Gun violence protection! When it looked like a bad gun bill was going to pass without a peep from the lead coalitions and organizations working for commonsense gun laws, Elissa came to me and said: someone has to speak up! We cannot let this bill pass without challenging it! But she was nothing if not strategic, and she understood that it would be difficult for NCJW to usurp the role of the major gun control groups even though they showed no inclination to speak out. Elissa came up with the idea of organizing a meeting of faith-based groups and inviting the lead gun organizations. It worked — everyone came and her passion swayed the group to take action even though they knew they wouldn’t, in this case, prevail!
LGBT rights, immigration, religion-state separation, civil rights, judicial nominations, voting rights, disability rights, equal pay, hate crimes legislation, women’s rights in Israel, refugees in Darfur and Sudan — this is a partial list of the issues on which Elissa made a difference utilizing creativity, passion, and a remarkable gift for persuading others to join her in action. She fought against discrimination in whatever form it took, and her passion animated her effective advocacy!
Elissa’s final work was emblematic of all of her work. She participated in a JOIN for Justice organizing training in Boston aimed at encouraging voter engagement. From Boston, even though she was feeling ill, she flew to Atlanta, where she got sicker but she insisted on fulfilling her promise to speak to hundreds of BBYO members about advocacy for social justice. Flying back to Chicago, she went straight into the hospital. It is so hard to accept that Elissa won’t be returning to work — to the smallest office in the DC office (which she chose even though we pulled numbers from a hat and she didn’t have to pick last). The outpouring of emotion and tributes from her colleagues in DC and elsewhere has been overwhelming. But that’s not surprising because Elissa was a true Tzedek who combined an authentic commitment to justice with a warm, funny, loving personality that enveloped everyone she came in contact with.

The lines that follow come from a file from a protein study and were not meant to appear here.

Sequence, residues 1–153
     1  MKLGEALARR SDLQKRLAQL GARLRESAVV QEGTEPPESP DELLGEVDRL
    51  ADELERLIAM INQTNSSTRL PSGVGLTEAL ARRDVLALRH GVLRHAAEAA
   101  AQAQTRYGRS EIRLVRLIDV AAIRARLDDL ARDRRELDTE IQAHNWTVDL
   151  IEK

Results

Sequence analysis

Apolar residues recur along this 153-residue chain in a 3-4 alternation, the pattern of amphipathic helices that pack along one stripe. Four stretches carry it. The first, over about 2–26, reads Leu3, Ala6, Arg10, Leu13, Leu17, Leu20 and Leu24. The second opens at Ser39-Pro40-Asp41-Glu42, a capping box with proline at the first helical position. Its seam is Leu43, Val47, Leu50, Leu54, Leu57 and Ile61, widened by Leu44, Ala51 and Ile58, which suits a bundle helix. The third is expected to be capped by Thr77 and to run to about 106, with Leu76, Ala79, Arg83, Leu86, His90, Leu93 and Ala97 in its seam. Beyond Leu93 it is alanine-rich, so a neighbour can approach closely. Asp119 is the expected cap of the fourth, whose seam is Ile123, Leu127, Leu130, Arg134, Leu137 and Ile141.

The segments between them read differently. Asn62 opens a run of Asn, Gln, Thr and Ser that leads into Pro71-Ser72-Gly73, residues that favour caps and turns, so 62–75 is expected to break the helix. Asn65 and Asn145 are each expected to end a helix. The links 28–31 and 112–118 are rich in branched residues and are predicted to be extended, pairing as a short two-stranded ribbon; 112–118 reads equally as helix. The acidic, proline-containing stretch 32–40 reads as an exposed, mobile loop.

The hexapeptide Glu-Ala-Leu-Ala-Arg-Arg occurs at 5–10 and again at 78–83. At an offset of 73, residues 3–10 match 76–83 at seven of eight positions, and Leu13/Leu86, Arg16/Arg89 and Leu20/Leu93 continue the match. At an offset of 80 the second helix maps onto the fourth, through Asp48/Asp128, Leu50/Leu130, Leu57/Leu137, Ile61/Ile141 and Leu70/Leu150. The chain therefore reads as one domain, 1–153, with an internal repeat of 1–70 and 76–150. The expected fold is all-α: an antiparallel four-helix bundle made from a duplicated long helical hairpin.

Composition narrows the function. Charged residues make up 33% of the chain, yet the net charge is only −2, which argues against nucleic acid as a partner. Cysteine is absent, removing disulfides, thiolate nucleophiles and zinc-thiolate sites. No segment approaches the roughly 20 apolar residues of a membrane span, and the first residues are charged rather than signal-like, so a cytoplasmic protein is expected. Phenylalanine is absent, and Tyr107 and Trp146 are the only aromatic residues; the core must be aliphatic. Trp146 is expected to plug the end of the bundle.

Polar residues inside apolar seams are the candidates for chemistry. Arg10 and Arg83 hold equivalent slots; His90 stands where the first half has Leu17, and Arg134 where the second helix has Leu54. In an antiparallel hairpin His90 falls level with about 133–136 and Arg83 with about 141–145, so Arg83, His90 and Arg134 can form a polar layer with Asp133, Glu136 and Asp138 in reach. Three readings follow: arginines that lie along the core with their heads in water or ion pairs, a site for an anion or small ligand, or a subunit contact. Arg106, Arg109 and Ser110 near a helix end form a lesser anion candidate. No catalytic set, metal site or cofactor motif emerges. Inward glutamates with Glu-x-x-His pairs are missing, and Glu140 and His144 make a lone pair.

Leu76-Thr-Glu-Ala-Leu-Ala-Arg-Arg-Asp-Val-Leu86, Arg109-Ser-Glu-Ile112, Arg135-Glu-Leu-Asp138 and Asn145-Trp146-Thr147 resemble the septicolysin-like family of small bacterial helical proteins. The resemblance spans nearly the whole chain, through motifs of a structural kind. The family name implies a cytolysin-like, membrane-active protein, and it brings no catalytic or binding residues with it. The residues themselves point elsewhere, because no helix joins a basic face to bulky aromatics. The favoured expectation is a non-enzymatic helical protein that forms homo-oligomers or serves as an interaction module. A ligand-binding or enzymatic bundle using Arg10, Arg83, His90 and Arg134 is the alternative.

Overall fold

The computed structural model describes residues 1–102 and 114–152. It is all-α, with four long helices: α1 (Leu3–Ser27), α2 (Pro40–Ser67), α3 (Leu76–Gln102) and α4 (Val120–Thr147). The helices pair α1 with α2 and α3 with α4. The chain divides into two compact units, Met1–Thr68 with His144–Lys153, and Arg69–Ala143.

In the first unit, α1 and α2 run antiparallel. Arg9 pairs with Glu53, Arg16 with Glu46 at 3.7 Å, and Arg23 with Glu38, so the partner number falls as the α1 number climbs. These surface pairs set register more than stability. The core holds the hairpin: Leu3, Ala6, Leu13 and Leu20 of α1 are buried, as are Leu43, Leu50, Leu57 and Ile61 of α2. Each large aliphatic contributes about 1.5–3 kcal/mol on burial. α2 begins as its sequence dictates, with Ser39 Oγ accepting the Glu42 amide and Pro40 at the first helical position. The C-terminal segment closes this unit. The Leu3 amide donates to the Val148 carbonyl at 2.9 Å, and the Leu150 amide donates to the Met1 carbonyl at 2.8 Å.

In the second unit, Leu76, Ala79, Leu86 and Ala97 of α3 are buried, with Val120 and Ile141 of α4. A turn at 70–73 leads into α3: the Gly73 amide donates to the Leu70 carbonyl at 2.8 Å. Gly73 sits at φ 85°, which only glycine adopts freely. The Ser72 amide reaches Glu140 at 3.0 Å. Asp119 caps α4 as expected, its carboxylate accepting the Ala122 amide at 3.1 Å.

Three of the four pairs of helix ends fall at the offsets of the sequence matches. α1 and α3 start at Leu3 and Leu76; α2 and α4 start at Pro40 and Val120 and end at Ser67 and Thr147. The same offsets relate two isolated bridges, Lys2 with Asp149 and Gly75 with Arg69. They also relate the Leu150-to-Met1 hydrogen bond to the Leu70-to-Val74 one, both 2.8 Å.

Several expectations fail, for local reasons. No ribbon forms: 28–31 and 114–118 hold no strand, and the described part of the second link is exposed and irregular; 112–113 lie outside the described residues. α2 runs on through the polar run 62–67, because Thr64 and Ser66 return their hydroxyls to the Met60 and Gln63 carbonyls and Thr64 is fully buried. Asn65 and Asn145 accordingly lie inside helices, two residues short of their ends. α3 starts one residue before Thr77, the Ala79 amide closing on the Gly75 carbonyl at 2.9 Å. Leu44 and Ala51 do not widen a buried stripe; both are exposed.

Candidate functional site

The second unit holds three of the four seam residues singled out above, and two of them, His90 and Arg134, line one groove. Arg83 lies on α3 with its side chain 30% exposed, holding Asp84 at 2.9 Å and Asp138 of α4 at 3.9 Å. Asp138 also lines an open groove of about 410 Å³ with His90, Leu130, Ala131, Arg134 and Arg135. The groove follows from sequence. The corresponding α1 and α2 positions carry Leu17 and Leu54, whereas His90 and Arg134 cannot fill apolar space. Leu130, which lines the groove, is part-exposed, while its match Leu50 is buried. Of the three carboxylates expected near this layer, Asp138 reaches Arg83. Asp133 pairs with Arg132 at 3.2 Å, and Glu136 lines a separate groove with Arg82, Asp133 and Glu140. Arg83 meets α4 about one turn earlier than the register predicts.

On behalf of all of us at NCJW — Elissa: we will miss you. We are stronger and better for having known you and worked with you. Rest well, dear sweet comrade.
A version of these two remembrances originally appeared on Emily Pearl Goodstein’s blog, Wild and Crazy Pearl.
Zeek invites readers to share memories in the comments section.